Basic Configuration of a Custom Tomcat Installation

If you have created a custom Tomcat installation as I explained previously, then your Tomcat configuration files will be located in the /opt/localhost/conf directory. I like to make a backup copy of the server.xml file and then make my changes in the original file. That way, if any new content comes out in the stock Tomcat server.xml file, it will be easy to diff the file to pinpoint the differences.
cd /opt/localhost/conf
cp server.xml server.xml.1
vi server.xml
My usual procedure is to navigate to the GlobalNamingResources section and then add any resources that my web applications might need. These resources can include global environment variables, DataSources for any databases that my Java web applications might need to access, JavaMail sessions to use for sending e-mails, or any other object that can be obtained via a JNDI lookup. Below is an example of an abbreviated server.xml file that I use:
<Server port="8005" shutdown="SHUTDOWN">
  <!-- Global JNDI resources -->
    <!-- Memory database resource for authenticating Tomcat manager users -->
    <Resource name="UserDatabase" auth="Container"
      description="User database that can be updated and saved"
      pathname="conf/tomcat-users.xml" />
    <!-- Postgresql database resource -->
    <Resource name="jdbc/pg"
      description="PostgreSQL Data Source"/>
    <!-- MySQL database resource -->
    <Resource name="jdbc/qdrupal"
      description="MySQL Data Source"/>
  <Service name="Catalina">
    <!-- Non-SSL HTTP/1.1 Connector on port 8080 -->
    <Connector port="8080" maxHttpHeaderSize="8192"
      maxThreads="150" minSpareThreads="25" maxSpareThreads="75"
      enableLookups="false" redirectPort="8443" acceptCount="100"
      connectionTimeout="20000" disableUploadTimeout="true" />
    <!-- Define the top level container in our container hierarchy -->
    <Engine name="Catalina" defaultHost="localhost">
      <!-- Define the default virtual host -->
      <Host name="localhost" appBase="webapps"
        unpackWARs="true" autoDeploy="true"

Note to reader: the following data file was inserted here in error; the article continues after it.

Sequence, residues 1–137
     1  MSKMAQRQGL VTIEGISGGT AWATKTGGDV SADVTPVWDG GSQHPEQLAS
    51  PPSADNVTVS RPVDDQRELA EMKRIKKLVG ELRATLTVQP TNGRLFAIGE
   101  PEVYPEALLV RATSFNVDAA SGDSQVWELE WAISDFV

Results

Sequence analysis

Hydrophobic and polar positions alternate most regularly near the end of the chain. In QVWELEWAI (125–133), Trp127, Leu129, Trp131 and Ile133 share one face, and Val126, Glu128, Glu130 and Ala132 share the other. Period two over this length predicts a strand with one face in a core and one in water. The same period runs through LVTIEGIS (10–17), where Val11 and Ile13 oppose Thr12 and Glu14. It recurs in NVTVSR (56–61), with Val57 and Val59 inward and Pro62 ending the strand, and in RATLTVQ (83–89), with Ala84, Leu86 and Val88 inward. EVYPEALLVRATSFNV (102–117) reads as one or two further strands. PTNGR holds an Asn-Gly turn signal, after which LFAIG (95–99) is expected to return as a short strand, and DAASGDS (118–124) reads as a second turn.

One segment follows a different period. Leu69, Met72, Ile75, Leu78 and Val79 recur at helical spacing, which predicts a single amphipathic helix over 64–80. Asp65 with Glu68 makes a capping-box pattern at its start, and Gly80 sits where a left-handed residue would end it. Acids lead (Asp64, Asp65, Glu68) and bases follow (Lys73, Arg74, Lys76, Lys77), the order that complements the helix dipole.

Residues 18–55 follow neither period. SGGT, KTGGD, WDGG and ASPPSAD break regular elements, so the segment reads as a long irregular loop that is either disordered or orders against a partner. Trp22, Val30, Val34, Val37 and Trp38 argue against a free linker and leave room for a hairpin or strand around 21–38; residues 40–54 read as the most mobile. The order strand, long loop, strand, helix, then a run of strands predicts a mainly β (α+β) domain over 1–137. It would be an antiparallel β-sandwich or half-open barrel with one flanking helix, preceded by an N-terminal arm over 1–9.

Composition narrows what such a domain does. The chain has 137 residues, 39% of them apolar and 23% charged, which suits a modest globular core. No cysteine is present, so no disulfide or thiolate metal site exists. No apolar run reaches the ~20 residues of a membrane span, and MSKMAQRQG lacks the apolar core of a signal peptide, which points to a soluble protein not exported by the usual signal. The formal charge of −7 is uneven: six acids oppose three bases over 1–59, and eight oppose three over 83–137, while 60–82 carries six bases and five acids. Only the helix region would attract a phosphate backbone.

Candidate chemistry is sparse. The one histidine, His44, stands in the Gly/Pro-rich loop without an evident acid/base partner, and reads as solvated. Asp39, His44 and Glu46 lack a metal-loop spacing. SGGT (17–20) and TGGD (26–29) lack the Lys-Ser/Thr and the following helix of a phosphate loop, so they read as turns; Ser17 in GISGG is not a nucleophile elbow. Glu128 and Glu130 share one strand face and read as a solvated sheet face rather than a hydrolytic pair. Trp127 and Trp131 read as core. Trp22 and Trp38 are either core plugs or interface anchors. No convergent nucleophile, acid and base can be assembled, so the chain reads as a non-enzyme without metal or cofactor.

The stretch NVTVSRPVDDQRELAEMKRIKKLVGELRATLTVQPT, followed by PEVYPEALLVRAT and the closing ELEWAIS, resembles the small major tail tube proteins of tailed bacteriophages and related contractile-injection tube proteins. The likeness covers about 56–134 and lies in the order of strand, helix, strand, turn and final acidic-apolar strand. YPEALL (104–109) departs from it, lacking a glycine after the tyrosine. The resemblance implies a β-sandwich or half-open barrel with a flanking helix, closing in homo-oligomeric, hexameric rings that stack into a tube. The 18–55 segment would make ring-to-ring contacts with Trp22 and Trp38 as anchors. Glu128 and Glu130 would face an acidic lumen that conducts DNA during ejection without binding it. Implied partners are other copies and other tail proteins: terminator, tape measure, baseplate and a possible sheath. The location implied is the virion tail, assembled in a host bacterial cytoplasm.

xmlValidation="false" xmlNamespaceAware="false">
        <Realm className="org.apache.catalina.realm.UserDatabaseRealm"
The main items I want to point out here are the two global DataSource resource definitions - one for a PostgreSQL database and another for a MySQL database. Defining these in the GlobalNamingResources section in Tomcat's server.xml file makes them accessible via JNDI to all web applications running in this instance of Tomcat, and also allows them to take advantage of connection pooling for enhanced efficiency and speed. To access the MySQL resource, for example, a web application simply needs to add a META-INF/context.xml file within its WAR file, and populate it with content similar to the following:
<?xml version='1.0' encoding='utf-8'?>
<Context docBase="" reloadable="true" override="true" swallowOutput="true">
  <ResourceLink name="jdbc/qdrupal" global="jdbc/qdrupal" type="javax.sql.DataSource"/>
When the WAR file is copied into Tomcat's web application directory (/opt/localhost/webapps in our custom configuration) and unpacked, Tomcat will check to determine if a context.xml file for the web application already exists. If not, the META-INF/context.xml file will be copied to $CATALINA_BASE/conf/Catalina/[host name]/[context name].xml where [host name] is replaced with the name specified in the Host object, and [context name] is replaced with the name of the web application context. Remember that if you add more global resources and want to make them available to your application, then you will need to update the $CATALINA_BASE/conf/Catalina/[host name]/[context name].xml file and add matching ResourceLink elements for the new resources before they will be visible to your application. Finally, you will need to copy (or create a symbolic link to) any driver JARs that provide the Java classes used by GlobalNamingResources objects into the /opt/tomcat/lib directory. Keep in mind that whenever Tomcat is upgraded to a new version, these JARs will need to be copied or symlinked again.
cd /opt/tomcat/lib
ln -s /usr/share/java/mysql.jar
ln -s /usr/share/java/postgresql.jar
Now Tomcat is configured and ready to start up so we can proceed with developing and/or running Java web applications! Once the following command completes, you can point your browser to http://yourservername:8080/ to view the default page.
/etc/init.d/tomcat start